Predictive Metrics Tree: Measuring the Behaviors That Drive Results

Many companies are measuring the wrong things and ending up with the wrong results. Many times we see organizations get stuck on measuring what’s easy instead of what’s useful. Or they focus on metrics that tell them whether they’ve succeeded or failed rather than measuring the behaviors that drive success. Predictive metrics are the solution to this problem. Predictive metrics are fundamentally different from results metrics in that they measure a process or behavior rather than an outcome. The Predictive Metrics Tree is a tool that ensures that what you’re measuring helps you achieve your program goals. It provides a direct line of sight between the project plan and goal and the few (three to five) key metrics that predict the likelihood of achieving the desired goal.

Benefits of the Predictive Metrics Tree

  • Measuring things that matter and key points – not just what is easy to measure
  • Measuring three to five elements instead of dozens allows the project leadership to focus on the most critical areas and make better decisions
  • Establishes an early warning system that helps you get drifting projects back on track
Predictive Metrics - Measuring the right things to ensure project success using a metric tree

Constructing a Predictive Metrics Tree is a cross-functional group process. Staying focused on the three to five key drivers that will have the greatest impact on the program goal is critical. Having identified these drivers, it is easy to come up with initiatives and metrics that monitor progress. Define each level in the Metric Tree as follows:

  • Project Goal: The project goal is a shared objective that is time-bound and measurable. The team derives the goal from a broader organizational and/or corporate goal. This is the result metric that the team typically measures. Examples include delivering a project against a specific schedule, as well as cost, quality, and revenue targets.
  • Key Drivers: Once the project team establishes a goal, identify the three to five key actions that will have the greatest impact on achieving that goal. It is important that the team limit the number of drivers to sharpen their focus on high-impact areas and to avoid measuring everything.
  • Initiatives: The initiatives are the key actions within each driver that will ensure that the team achieves its goal. By identifying the key initiative within each driver, the project team continues to narrow its focus to gain clarity on the actions or behaviors that will lead to accomplishing the goal.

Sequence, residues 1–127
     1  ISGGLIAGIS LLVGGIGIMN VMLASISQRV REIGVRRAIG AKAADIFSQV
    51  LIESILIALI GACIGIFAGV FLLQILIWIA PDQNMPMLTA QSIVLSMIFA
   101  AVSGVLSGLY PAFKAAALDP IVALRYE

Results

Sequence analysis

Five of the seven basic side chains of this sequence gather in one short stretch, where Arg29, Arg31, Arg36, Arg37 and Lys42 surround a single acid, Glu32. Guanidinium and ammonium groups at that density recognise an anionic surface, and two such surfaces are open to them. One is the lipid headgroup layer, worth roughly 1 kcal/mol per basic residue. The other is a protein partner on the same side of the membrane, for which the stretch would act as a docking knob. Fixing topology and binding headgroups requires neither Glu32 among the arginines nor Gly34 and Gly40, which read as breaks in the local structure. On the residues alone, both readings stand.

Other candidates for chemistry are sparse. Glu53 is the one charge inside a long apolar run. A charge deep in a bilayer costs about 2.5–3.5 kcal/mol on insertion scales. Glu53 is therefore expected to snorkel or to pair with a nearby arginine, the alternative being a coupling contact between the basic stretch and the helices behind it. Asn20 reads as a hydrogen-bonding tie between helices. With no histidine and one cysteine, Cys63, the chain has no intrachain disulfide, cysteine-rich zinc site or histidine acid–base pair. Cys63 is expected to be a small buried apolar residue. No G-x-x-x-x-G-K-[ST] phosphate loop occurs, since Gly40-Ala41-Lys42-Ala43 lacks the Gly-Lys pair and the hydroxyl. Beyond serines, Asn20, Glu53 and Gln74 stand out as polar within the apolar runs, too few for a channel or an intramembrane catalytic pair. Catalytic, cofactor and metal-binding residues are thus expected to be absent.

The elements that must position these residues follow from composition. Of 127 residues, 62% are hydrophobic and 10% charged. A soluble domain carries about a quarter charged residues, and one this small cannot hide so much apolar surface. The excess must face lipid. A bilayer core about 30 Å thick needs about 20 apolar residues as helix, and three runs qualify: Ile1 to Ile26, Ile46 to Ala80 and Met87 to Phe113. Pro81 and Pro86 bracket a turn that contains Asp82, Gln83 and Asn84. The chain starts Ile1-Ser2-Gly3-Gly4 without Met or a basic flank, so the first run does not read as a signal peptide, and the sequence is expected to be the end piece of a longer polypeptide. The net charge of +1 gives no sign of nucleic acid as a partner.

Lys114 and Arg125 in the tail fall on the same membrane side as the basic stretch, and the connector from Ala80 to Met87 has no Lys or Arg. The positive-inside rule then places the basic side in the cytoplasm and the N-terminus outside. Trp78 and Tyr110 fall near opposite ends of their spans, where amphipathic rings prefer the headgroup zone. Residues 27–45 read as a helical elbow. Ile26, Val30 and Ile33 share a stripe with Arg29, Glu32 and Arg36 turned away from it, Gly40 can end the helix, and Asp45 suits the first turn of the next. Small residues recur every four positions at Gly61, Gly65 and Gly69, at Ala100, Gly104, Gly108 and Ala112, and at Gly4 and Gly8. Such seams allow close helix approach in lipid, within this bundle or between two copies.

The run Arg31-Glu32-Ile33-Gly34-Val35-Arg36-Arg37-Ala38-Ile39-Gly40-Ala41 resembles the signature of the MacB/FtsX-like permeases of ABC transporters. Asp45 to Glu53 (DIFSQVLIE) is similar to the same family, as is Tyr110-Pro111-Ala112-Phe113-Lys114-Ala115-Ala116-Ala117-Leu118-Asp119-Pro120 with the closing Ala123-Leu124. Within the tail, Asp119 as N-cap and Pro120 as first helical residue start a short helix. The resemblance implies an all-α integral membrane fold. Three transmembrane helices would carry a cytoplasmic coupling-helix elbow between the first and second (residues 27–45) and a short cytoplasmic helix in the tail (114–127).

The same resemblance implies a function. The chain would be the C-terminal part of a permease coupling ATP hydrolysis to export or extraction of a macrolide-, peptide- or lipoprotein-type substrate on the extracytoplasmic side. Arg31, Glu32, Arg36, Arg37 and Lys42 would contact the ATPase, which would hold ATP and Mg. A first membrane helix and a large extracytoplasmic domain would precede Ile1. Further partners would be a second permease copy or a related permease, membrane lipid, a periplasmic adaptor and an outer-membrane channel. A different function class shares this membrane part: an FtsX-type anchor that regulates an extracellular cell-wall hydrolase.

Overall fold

• Predictive Metrics: The predictive metrics measure the processes or behaviors that drive progress toward the goal. For each initiative, the project team will identify one measurable parameter as the best indicator of progress. Make sure that each predictive metric has a detailed definition, and that you specify how frequently you will collect the data, the units of measurement, and target values for the metrics.

Once the team defines three to five predictive metrics, they should track them on a daily or weekly basis. Do this in the weekly project team meeting or management review. Construct a predictive metrics dashboard as a single presentation slide and include it in the review.

The predictive metrics in the chart above include:

  • Schedule Prediction Accuracy Metric – measures schedule deviation against the planned schedule using the formula [Actual Schedule – Predicted Schedule/Predicted Schedule]; target value: less than 10%
  • Résumés Screened Metric – number of candidates screened via phone screen; target value: more than 10
  • Weekly Conversion Rate Metric – number of prospects per week who are converted to customers entering a one-year agreement; target value: 40 per week
  • Estimated Cash at Close – predicted cash at the closing of the next round, target value: $1M or more

The metric “Résumés Screened” is an example of the power of analyzing a predictive model. Many managers would be tempted to measure the initiative “10 New Hires” with the metric “number of new hires this week or month.” But the latter is not predictive. With the metric “Résumés Screened,” you get an early indication of whether or not you’re going to hit the goal of your initiative (10 New Hires).

Since you monitor this predictive metric on a weekly basis, the hiring manager knows when she must budget time to screen résumés. Over time, you can set targets for the number of résumés you need to screen to hit the goal.

A Predictive Metrics Tree is one of the best process management and predictive analytics tools. The predictive nature of these metrics allows managers and their teams to see where they stand and where they are headed relative to a target, and to continually optimize their approach. The Predictive Metrics Tree helps align the organization and reduce waste because all the initiatives are coordinated and tied to the larger objective.